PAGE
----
Please correct me if I'm wrong, but I do not believe that any media company or any columnist or reporter is a defendant in lawsuits arising from the lacrosse hoax. This is unfortunate, but there has been discussion here about how difficult it is for anyone to sue the media for slander or libel.

That sad fact makes it even more important that a careful and accurate "on the record" analysis of the patent dishonesty in Robert's reporting on the lacrosse hoax be accomplished; thank you for that KC!

And was anyone surprised when, at the moment she came under scrutiny for her lies and deceit, Roberts immediately played the "lesbian card?" As pathetic and cowardly as that move was, it is entirely consistent with the same "protected class" behavior exhibited by The New York Times in its treatment of Jayson Blair --- granting him a "free pass" and immunity from criticism and sanction by an editor who wrote that Blair "should not be writing for the Times."

A dishonest, unprofessional hack like Selena Roberts should not be writing for Sport Illustrated or any legitimate publication, anywhere.

One Spook

Anonymous said...

One Spook

Your comment about the media and their seeming exemption from scrutiny about their negligence and probable malice all stems from Hugo Black.

One of the many evils visited on us by lawyers is Black's doctrine that "public figures" are not protected by the traditional law of defamation. And just who is a "public figure"? About anyone who is newsworthy as defined by "journalists," that is, paid and partisan hacks with an ax to grind and a prediliction for sensationalism. And what is the standard applied to a "journalist" when writing about a "public figure"? Nothing must be written that is "knowingly false" or "in reckless disregard of the truth."

It is almost impossible to prove that someone wrote something that was "knowingly false" or "in reckless disregard of the truth" when written. Black and his kind created a privilege for journalists to lie with virtual impunity about everyone else. This shows contempt for the intention of the Founders, who saw no conflict between freedom of the press and the traditional law of defamation. (When the Founders did want to carve out an exemption from the traditional law of defamation, they created a privilege clearly, as when they wrote that a member of Congress speaking in Congress cannot be held answerable in "any other place," meaning any court of law.)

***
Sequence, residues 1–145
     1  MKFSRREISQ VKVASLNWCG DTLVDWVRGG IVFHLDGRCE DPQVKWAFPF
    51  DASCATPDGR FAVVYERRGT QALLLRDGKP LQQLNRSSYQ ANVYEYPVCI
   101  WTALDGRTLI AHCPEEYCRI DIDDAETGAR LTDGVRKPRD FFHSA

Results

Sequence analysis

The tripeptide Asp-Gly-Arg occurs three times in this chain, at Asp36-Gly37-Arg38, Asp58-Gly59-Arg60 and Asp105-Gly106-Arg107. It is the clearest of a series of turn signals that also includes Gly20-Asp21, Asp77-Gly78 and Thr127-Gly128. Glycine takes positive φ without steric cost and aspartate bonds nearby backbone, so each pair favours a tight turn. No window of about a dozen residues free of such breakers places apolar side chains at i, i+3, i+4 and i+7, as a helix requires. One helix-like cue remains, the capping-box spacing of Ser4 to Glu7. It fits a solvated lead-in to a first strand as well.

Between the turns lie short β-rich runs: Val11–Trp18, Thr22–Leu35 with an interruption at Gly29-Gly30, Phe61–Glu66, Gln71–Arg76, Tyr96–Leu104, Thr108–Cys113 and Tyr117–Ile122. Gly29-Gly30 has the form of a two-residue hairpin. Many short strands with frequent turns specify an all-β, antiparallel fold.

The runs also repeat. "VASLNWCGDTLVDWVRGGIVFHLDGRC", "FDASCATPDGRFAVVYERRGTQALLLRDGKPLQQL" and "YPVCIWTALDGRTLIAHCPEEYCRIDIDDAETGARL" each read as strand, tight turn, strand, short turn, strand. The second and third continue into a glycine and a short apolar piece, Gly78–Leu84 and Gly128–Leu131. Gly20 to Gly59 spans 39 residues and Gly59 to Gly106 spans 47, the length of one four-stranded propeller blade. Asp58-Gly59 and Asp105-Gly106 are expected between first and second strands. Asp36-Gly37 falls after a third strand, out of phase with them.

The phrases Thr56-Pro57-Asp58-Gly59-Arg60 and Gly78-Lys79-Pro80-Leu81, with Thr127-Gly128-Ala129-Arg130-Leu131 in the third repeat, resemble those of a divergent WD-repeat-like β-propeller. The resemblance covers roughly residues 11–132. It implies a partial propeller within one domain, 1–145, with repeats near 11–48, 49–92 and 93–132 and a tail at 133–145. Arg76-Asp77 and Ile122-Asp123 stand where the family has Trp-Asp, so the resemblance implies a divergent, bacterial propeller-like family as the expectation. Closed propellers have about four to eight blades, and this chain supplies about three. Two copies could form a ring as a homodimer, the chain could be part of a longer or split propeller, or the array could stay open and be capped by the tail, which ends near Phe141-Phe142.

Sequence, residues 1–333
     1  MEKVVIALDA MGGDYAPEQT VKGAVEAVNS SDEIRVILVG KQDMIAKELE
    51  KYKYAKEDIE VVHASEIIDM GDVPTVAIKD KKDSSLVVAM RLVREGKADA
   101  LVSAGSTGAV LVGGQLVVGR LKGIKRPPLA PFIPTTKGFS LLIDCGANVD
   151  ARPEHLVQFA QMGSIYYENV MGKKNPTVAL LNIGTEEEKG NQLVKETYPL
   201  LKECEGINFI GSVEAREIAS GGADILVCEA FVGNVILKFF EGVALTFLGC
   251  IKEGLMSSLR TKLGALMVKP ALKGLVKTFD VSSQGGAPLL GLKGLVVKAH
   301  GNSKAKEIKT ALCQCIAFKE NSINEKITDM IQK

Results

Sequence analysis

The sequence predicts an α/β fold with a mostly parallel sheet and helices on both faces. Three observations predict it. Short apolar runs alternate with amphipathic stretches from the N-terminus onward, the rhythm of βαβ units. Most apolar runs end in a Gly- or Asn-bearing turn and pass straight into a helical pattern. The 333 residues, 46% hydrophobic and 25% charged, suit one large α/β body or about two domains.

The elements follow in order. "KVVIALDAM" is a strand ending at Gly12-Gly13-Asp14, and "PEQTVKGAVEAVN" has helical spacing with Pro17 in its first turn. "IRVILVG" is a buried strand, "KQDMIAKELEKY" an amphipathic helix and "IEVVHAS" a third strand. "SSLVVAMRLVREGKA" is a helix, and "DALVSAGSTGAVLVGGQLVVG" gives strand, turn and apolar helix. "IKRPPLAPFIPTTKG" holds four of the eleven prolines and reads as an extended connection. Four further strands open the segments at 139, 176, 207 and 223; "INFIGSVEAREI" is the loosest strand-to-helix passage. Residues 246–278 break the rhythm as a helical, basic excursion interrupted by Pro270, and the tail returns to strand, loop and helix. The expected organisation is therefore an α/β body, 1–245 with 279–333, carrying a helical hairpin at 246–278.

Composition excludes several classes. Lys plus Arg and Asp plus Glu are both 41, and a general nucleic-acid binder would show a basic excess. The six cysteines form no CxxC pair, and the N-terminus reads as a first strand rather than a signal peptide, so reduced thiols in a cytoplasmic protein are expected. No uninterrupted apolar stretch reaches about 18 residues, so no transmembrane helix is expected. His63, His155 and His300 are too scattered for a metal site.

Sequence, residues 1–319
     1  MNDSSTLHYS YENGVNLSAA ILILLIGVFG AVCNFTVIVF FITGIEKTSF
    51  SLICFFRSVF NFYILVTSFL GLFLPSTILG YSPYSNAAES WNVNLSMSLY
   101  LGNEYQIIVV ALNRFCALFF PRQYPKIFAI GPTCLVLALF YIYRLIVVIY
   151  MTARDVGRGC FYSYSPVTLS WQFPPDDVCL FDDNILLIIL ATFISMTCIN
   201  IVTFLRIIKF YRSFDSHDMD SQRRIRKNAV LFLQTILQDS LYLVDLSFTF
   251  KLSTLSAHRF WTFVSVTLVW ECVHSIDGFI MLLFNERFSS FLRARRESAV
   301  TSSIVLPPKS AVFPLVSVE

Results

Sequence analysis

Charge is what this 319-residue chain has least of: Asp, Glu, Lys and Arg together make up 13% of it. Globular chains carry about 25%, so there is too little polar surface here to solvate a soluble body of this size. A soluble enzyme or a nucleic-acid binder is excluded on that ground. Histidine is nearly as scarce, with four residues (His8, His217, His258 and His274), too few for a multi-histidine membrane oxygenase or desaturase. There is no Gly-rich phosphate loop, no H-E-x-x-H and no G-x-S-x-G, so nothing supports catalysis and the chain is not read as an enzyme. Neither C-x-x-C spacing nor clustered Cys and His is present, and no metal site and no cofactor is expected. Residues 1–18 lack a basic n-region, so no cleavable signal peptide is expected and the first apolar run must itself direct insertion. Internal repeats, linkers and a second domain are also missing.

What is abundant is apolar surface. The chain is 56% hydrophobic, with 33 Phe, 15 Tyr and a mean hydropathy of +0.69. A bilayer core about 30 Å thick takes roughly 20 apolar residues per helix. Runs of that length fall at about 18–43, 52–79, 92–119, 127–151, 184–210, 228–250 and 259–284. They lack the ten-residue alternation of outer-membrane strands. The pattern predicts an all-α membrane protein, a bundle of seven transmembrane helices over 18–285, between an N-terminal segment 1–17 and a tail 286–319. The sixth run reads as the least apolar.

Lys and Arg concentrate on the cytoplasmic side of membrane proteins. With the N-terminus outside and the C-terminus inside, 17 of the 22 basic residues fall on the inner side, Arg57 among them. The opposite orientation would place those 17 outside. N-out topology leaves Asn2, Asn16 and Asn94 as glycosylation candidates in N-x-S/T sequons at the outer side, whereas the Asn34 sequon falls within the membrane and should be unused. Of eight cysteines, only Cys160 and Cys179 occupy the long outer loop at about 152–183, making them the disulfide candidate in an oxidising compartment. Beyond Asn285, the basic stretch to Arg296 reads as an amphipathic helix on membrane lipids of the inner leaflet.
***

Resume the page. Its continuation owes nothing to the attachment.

For those reading this blog who are not as aged as I, the traditional law of defamation imposed responsibility on a reporter AFTER PUBLICATION for the forseeable effects of his or her writing if untrue. Truth, however, was an absolute defense by anyone against a claim of defamation by anyone else. A reporter was not given special latitude to lie, and the rest of the population was not at the mercy of every deceitful reporter's skill in providing a patina of plausibility to lies. Before Black, a reporter was protected only by reporting truthfully. After Black, the onus is on the victim of journalistic abuse to prove that the partisan hack "knowingly" lied. Selena Roberts is precisely and forseeably the kind of yeast infection attracted to reporting as a result of this inane legal decision.

JeffM

Debrah said...

"Selena Roberts is precisely and forseeably the kind of yeast infection attracted to reporting as a result of this inane legal decision."............

Please stop employing this kind of misogynistic dialogue if you ever expect to convince the MSM that they are in error.

I'm certainly no rabid feminist.

May I offer as proof that I still believe that the man should be the major breadwinner for a successful relationship?

LIS!

Just don't resort to Selena's old "victim and abuser" narratives.

Debrah said...

This is a Selena interview with Bob Costas.

Anonymous said...

I am 51 years old and have been reading Sports Illustrated since age 10.

I recently did not renew my subscription. Why? Selena Roberts.

gwallan said...

@Debrah...

Roberts has used both her gender and sexual preference as a shield against rightful criticism. She has engaged in extraordinary misandry over a long period of time.

Lost in amongst all the race related angst of the Duke farce is an extroardinary sexism.

As one of the primary peddlers of this sexism she has lost any right to the form of protection you would offer her.

Debrah said...

TO "gwallan"--

I know.

I shouldn't be so sensitive should I?

LOL!!!

Anonymous said...

Sexism is at the core of Roberts writings. To ignore the misandry is to miss the world view from which she writes.
cks

Anonymous said...

To 1:38AM: Mighty fine idea. I have just cancelled my subscription to Sports Illustrated and for the same reason, Selena Roberts.